If, when in Washington, you attend a session of the U.S. Supreme Court (hearings are open to the public), you might see one of the Justices sending an aide to get relevant material from the Library upstairs. It was not always this convenient, as my LL (law librarian) friend and I learned on a recent tour.
In the first years (the Jay and early Marshall courts), the Justices had to use their own books or borrow from colleagues until, in 1812, they were given access to the U.S. Congress collection. Twenty years later, an Act of Congress created a Law Library for both Congress and the Court, with the Chief Justice able to suggest acquisitions.
Fast forward 100 years to 1932 when the eminent architect Cass Gilbert was commissioned to design a new Court Building with its own library. Although the Depression argued against lavish expenditure, the resourceful Gilbert managed to design and oversee construction of a building that is now one of D.C.’s prime attractions.
The Library itself features a handsome oak-paneled Reading Room with a painted ceiling and, at the entry, carved profiles of Greek and Roman law-givers – Justinian, Solon, Modestinus and Draco (we had to look them up). A barrel-vaulted Special Library room, designed to hold rare volumes, now houses the Technical Services Division charged with microfilming and digitalizing materials. Another room holds bound copies of every case ever heard by the Court.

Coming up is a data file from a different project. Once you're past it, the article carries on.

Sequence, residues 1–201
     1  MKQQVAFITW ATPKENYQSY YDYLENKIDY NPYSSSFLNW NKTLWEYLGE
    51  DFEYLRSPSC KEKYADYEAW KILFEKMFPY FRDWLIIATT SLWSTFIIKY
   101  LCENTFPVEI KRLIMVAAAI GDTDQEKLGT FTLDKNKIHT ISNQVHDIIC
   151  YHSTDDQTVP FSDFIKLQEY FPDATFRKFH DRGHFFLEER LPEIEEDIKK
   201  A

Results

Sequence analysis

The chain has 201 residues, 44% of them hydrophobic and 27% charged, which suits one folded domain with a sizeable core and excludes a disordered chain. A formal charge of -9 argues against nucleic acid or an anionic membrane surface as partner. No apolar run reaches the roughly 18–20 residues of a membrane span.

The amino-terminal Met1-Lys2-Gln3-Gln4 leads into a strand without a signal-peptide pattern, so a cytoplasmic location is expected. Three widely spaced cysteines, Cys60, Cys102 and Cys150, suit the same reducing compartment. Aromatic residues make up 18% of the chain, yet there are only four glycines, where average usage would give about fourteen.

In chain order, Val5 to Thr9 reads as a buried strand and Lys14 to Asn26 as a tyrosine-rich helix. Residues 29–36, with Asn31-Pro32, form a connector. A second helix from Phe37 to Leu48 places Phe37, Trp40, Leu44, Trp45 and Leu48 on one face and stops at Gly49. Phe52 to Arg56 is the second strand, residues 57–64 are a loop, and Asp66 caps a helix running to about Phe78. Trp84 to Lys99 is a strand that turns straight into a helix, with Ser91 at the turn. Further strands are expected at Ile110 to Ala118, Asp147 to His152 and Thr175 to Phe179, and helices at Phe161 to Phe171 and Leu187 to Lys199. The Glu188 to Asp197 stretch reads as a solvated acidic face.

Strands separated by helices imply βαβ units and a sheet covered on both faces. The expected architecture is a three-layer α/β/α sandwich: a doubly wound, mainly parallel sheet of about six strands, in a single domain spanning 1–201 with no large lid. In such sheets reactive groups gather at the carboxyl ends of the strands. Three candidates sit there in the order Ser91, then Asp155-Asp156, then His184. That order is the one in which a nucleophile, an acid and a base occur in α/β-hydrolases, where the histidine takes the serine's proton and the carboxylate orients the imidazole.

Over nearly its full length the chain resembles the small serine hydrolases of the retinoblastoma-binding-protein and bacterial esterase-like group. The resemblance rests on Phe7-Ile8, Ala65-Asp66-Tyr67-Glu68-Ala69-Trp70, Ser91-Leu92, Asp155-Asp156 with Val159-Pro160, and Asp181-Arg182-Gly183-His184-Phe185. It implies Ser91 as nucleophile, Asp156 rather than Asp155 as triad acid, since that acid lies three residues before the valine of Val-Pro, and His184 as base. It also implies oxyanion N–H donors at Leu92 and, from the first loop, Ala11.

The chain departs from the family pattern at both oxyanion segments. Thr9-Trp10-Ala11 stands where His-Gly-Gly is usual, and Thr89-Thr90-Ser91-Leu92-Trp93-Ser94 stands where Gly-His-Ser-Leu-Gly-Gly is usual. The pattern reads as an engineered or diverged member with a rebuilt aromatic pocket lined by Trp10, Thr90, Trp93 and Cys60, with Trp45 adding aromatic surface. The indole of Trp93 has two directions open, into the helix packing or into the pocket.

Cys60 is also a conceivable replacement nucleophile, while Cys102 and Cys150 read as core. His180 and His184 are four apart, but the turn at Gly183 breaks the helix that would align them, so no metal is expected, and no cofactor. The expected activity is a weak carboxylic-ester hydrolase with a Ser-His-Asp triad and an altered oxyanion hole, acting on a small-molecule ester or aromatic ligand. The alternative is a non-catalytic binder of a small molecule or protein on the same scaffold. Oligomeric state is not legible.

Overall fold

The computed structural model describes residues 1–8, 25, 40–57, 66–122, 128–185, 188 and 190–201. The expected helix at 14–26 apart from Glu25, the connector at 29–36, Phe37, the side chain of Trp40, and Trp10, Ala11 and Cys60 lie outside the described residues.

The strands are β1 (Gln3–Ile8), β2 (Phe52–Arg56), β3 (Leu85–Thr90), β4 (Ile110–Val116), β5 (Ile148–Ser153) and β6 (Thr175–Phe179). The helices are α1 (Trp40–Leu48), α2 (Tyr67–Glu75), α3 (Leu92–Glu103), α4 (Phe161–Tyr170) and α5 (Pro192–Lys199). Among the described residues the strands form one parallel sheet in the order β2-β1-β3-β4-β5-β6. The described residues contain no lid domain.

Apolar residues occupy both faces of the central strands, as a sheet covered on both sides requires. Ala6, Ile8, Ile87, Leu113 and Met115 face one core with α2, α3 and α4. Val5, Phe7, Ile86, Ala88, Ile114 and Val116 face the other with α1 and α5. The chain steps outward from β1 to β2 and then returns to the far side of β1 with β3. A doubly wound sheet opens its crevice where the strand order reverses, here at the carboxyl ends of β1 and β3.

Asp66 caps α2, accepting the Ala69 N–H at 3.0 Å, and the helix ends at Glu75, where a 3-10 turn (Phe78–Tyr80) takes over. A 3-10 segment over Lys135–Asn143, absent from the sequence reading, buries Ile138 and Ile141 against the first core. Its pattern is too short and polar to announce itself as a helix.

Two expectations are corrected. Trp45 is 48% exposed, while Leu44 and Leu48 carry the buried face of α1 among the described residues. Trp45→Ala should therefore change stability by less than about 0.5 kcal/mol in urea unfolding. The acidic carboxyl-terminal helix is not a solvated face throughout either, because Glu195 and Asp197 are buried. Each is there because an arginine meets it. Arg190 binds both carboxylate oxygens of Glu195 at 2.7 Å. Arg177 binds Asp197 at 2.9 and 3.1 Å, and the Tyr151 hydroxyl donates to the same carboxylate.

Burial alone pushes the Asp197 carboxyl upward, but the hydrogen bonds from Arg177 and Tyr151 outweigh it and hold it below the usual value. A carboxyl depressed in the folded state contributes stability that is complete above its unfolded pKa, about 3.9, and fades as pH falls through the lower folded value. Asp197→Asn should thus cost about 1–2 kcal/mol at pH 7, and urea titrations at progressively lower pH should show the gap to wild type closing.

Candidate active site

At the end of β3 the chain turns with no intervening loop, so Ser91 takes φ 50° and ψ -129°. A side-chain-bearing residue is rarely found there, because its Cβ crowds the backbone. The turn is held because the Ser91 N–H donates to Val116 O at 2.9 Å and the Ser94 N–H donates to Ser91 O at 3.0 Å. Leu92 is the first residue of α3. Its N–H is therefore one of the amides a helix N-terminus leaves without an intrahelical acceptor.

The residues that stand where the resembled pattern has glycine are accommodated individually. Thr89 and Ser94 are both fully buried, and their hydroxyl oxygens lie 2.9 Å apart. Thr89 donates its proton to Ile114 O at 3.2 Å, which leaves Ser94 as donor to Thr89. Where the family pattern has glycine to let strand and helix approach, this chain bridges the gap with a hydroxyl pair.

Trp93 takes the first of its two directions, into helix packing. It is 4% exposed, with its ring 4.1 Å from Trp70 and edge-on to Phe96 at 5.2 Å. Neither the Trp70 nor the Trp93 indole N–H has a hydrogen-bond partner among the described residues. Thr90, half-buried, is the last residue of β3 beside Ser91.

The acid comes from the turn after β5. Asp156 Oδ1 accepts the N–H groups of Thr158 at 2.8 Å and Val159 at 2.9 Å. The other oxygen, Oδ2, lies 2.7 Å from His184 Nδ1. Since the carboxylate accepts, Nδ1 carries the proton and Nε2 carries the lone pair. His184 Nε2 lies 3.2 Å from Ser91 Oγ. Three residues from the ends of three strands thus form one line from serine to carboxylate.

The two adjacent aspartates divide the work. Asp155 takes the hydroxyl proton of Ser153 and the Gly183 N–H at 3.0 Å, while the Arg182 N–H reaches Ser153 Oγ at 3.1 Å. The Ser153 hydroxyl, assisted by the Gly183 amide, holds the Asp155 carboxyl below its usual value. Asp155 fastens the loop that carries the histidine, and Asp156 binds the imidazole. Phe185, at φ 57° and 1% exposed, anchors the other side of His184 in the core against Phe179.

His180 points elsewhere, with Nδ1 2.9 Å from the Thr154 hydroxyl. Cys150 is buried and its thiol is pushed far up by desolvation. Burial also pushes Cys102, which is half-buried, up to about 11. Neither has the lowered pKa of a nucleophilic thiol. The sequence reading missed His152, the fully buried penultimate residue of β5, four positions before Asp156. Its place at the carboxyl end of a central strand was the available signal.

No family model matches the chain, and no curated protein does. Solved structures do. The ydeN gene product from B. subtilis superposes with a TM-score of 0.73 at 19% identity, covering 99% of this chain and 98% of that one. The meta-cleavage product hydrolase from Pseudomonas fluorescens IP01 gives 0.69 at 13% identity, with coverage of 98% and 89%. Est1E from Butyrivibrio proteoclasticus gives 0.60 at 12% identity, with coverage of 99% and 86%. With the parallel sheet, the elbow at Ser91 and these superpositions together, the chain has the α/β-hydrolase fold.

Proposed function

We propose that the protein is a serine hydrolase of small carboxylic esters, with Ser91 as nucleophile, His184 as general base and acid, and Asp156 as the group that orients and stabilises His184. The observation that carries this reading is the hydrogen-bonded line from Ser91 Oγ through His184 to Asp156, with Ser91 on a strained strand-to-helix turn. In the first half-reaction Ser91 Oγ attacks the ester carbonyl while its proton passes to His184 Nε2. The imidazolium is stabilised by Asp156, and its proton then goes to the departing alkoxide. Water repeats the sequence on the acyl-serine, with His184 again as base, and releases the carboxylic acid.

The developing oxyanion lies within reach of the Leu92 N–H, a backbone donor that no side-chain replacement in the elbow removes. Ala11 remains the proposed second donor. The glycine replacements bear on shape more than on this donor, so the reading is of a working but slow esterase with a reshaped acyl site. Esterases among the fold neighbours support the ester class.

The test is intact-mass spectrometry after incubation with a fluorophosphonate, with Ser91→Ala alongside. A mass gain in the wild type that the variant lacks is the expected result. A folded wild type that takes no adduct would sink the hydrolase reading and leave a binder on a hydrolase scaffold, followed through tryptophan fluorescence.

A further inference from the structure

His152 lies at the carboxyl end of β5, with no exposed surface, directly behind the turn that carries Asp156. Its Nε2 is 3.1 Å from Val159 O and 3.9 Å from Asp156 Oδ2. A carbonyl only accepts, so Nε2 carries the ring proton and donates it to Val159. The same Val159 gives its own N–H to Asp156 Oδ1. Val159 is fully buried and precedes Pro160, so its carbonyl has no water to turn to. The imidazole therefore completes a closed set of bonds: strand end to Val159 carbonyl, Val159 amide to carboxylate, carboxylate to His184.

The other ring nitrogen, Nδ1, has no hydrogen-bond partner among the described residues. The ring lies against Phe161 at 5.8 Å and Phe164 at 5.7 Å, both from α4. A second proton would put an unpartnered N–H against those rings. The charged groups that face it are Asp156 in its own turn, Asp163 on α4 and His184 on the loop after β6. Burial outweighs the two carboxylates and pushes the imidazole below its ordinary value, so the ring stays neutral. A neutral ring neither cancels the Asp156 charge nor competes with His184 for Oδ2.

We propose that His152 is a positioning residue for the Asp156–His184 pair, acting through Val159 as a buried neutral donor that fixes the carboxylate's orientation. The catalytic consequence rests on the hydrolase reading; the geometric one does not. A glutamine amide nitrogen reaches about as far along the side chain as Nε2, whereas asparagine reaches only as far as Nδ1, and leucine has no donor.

Among the Library’s many decorative elements are carved 16th century printers’ marks and five sculpted figures symbolizing Science, Law and Industry (these are male) and Arts and Knowledge (female). While pondering that, we were given a glimpse of the building’s beautiful twin marble winding staircases and, on the top floor, what is whimsically called “the highest court in the land” – a basketball court for the staff.
Our impressive journey ended with the thought that this unique library is there to enable our third branch of government to better fulfill the promise inscribed on the building’s facade, “Equal Justice Under Law”.
Note: The U.S. Congress, with its own vast library of over 3,000,000 volumes, covers foreign as well as U.S. jurisdictions, and is open to the public. Further note: when you visit the Supreme Court building, take time to look into the bookshop; gavel pencils are a favorite.